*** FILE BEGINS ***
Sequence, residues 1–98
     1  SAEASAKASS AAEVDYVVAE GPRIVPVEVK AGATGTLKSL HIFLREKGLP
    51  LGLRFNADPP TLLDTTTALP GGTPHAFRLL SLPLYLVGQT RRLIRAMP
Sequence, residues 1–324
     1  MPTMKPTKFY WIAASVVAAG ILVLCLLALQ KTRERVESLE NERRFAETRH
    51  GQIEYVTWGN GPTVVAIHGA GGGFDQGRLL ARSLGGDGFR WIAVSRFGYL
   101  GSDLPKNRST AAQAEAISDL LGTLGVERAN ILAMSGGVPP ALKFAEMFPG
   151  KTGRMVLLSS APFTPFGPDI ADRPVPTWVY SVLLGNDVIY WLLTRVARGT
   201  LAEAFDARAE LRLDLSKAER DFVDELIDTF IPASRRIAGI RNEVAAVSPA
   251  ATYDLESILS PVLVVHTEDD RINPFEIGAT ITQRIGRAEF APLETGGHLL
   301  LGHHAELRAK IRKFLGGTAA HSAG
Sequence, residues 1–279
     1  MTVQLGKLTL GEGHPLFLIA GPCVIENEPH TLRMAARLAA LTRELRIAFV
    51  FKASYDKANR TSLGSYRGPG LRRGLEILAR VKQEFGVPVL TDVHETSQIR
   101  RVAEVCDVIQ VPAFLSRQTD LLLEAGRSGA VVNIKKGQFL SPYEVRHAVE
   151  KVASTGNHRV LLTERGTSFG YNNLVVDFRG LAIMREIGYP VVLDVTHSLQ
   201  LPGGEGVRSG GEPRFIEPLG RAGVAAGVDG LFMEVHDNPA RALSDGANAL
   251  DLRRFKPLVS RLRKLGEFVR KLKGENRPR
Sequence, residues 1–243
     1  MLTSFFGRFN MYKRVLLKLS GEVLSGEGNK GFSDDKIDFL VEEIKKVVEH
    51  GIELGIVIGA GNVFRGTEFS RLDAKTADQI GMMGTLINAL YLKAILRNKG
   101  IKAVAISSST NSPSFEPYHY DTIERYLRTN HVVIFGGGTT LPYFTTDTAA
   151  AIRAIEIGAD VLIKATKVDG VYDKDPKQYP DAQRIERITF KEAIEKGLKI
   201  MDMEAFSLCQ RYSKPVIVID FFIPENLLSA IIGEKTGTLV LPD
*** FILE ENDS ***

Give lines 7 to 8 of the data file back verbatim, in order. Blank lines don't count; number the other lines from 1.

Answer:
   101  GSDLPKNRST AAQAEAISDL LGTLGVERAN ILAMSGGVPP ALKFAEMFPG
   151  KTGRMVLLSS APFTPFGPDI ADRPVPTWVY SVLLGNDVIY WLLTRVARGT